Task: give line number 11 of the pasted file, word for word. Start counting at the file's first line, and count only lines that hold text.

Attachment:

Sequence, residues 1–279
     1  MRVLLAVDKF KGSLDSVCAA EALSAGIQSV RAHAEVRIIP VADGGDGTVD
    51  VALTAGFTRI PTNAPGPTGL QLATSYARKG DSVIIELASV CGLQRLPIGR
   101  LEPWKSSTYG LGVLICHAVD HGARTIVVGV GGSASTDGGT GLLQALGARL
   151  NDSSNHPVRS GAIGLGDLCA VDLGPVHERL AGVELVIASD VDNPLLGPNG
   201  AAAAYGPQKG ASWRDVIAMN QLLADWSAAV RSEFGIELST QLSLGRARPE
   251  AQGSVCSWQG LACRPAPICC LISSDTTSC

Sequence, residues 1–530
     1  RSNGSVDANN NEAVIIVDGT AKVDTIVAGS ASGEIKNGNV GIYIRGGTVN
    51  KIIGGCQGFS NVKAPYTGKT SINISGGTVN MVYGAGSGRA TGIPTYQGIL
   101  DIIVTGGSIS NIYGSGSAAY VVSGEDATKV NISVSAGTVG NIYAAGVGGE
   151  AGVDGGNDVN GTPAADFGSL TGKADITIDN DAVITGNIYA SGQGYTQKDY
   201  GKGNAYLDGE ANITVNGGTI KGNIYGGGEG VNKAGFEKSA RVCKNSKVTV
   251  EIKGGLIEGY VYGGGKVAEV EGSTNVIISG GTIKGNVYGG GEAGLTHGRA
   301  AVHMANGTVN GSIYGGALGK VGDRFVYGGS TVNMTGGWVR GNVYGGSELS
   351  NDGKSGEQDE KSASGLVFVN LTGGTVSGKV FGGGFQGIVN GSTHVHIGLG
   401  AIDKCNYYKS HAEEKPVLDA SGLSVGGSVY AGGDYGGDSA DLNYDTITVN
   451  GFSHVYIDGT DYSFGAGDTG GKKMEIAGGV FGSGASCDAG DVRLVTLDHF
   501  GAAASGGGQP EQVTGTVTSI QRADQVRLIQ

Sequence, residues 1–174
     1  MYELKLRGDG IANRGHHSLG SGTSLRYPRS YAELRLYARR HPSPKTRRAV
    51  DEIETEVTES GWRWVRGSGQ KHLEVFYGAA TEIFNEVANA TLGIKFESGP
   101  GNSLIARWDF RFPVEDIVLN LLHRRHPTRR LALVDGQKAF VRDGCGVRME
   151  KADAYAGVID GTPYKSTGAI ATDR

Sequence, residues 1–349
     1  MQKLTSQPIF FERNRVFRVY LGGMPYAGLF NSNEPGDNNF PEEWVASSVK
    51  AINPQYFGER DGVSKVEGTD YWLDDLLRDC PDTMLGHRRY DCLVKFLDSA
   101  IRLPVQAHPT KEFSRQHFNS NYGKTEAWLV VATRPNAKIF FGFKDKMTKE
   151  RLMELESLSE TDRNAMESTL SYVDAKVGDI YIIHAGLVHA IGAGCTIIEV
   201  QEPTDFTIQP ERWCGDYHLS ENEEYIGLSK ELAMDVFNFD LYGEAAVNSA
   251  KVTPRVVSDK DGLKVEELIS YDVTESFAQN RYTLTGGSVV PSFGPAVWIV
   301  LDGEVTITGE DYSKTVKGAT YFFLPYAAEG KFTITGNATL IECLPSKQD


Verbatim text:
   101  DIIVTGGSIS NIYGSGSAAY VVSGEDATKV NISVSAGTVG NIYAAGVGGE